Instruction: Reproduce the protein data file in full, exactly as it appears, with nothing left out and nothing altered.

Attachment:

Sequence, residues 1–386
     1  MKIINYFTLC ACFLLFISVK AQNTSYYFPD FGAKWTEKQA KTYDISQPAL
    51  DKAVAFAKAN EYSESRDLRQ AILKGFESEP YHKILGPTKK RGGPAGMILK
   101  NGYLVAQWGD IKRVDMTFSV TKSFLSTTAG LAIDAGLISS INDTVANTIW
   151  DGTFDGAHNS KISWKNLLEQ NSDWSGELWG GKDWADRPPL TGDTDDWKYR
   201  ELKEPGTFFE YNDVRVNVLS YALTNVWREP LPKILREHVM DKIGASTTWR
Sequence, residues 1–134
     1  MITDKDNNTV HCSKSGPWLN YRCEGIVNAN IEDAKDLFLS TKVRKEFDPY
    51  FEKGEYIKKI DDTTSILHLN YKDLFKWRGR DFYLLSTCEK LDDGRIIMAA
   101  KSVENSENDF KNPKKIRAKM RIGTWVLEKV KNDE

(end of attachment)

Sequence, residues 1–386
     1  MKIINYFTLC ACFLLFISVK AQNTSYYFPD FGAKWTEKQA KTYDISQPAL
    51  DKAVAFAKAN EYSESRDLRQ AILKGFESEP YHKILGPTKK RGGPAGMILK
   101  NGYLVAQWGD IKRVDMTFSV TKSFLSTTAG LAIDAGLISS INDTVANTIW
   151  DGTFDGAHNS KISWKNLLEQ NSDWSGELWG GKDWADRPPL TGDTDDWKYR
   201  ELKEPGTFFE YNDVRVNVLS YALTNVWREP LPKILREHVM DKIGASTTWR
Sequence, residues 1–134
     1  MITDKDNNTV HCSKSGPWLN YRCEGIVNAN IEDAKDLFLS TKVRKEFDPY
    51  FEKGEYIKKI DDTTSILHLN YKDLFKWRGR DFYLLSTCEK LDDGRIIMAA
   101  KSVENSENDF KNPKKIRAKM RIGTWVLEKV KNDE